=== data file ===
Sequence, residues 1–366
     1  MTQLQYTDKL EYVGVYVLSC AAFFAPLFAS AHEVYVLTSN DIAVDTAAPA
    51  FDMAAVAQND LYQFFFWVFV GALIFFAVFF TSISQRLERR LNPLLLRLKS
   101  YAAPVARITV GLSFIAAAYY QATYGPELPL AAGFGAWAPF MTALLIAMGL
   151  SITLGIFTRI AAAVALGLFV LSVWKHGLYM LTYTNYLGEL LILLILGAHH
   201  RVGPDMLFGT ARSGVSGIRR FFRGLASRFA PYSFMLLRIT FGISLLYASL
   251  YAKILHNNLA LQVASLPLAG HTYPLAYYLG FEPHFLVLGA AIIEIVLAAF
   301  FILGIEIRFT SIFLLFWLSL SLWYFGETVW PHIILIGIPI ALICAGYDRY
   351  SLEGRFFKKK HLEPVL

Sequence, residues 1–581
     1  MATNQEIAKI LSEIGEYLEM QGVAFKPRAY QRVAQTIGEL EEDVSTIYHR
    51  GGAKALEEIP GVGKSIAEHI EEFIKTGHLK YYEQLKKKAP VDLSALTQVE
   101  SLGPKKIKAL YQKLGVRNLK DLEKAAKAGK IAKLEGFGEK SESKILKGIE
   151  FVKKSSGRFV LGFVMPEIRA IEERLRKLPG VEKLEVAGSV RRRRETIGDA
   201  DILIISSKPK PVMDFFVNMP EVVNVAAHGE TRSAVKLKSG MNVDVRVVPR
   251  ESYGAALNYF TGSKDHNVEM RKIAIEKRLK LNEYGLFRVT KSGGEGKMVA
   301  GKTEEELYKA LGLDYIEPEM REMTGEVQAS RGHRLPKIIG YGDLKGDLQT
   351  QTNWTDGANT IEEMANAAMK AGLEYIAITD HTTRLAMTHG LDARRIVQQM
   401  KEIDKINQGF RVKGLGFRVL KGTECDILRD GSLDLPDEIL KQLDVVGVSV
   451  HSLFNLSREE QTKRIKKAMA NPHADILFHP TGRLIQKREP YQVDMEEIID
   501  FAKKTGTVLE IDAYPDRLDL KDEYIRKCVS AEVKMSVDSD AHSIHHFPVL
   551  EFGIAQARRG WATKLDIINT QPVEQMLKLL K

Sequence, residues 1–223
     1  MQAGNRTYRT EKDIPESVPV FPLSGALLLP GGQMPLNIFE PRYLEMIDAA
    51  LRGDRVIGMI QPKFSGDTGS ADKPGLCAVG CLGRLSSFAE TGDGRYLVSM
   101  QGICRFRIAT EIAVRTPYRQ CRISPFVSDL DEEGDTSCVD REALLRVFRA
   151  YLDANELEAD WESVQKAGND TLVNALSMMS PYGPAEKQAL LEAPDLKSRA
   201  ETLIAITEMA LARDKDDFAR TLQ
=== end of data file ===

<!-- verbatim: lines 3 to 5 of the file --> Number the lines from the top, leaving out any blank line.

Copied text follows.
    51  FDMAAVAQND LYQFFFWVFV GALIFFAVFF TSISQRLERR LNPLLLRLKS
   101  YAAPVARITV GLSFIAAAYY QATYGPELPL AAGFGAWAPF MTALLIAMGL
   151  SITLGIFTRI AAAVALGLFV LSVWKHGLYM LTYTNYLGEL LILLILGAHH